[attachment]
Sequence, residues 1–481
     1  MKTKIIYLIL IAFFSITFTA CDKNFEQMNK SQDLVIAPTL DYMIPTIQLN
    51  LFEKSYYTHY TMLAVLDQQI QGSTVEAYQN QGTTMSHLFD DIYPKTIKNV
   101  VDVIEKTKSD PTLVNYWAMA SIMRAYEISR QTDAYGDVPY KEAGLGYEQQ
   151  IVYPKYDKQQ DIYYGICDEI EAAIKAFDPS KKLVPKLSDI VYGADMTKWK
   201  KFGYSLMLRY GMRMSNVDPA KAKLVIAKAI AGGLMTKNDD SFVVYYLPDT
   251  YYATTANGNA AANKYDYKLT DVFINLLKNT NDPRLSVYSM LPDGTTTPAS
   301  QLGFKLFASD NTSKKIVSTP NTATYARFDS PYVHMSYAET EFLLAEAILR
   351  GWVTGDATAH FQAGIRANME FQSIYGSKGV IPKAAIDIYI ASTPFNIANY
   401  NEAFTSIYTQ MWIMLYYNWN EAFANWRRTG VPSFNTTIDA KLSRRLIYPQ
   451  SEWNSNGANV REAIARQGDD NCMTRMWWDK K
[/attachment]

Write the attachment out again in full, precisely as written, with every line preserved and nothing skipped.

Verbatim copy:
Sequence, residues 1–481
     1  MKTKIIYLIL IAFFSITFTA CDKNFEQMNK SQDLVIAPTL DYMIPTIQLN
    51  LFEKSYYTHY TMLAVLDQQI QGSTVEAYQN QGTTMSHLFD DIYPKTIKNV
   101  VDVIEKTKSD PTLVNYWAMA SIMRAYEISR QTDAYGDVPY KEAGLGYEQQ
   151  IVYPKYDKQQ DIYYGICDEI EAAIKAFDPS KKLVPKLSDI VYGADMTKWK
   201  KFGYSLMLRY GMRMSNVDPA KAKLVIAKAI AGGLMTKNDD SFVVYYLPDT
   251  YYATTANGNA AANKYDYKLT DVFINLLKNT NDPRLSVYSM LPDGTTTPAS
   301  QLGFKLFASD NTSKKIVSTP NTATYARFDS PYVHMSYAET EFLLAEAILR
   351  GWVTGDATAH FQAGIRANME FQSIYGSKGV IPKAAIDIYI ASTPFNIANY
   401  NEAFTSIYTQ MWIMLYYNWN EAFANWRRTG VPSFNTTIDA KLSRRLIYPQ
   451  SEWNSNGANV REAIARQGDD NCMTRMWWDK K